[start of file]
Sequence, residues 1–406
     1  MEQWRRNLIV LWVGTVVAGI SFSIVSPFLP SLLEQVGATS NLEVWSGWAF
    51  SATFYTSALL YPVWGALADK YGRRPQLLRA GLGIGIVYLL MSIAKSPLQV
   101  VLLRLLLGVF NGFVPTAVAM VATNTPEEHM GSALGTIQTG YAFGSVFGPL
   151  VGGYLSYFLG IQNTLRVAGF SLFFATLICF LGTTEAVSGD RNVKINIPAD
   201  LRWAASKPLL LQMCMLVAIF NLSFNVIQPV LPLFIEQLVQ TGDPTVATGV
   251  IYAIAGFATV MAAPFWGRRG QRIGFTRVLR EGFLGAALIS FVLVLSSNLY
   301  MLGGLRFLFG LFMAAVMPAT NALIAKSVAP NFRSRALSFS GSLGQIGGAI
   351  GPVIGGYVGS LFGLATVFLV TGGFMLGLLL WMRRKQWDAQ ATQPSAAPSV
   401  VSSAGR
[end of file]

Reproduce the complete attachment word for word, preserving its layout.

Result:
Sequence, residues 1–406
     1  MEQWRRNLIV LWVGTVVAGI SFSIVSPFLP SLLEQVGATS NLEVWSGWAF
    51  SATFYTSALL YPVWGALADK YGRRPQLLRA GLGIGIVYLL MSIAKSPLQV
   101  VLLRLLLGVF NGFVPTAVAM VATNTPEEHM GSALGTIQTG YAFGSVFGPL
   151  VGGYLSYFLG IQNTLRVAGF SLFFATLICF LGTTEAVSGD RNVKINIPAD
   201  LRWAASKPLL LQMCMLVAIF NLSFNVIQPV LPLFIEQLVQ TGDPTVATGV
   251  IYAIAGFATV MAAPFWGRRG QRIGFTRVLR EGFLGAALIS FVLVLSSNLY
   301  MLGGLRFLFG LFMAAVMPAT NALIAKSVAP NFRSRALSFS GSLGQIGGAI
   351  GPVIGGYVGS LFGLATVFLV TGGFMLGLLL WMRRKQWDAQ ATQPSAAPSV
   401  VSSAGR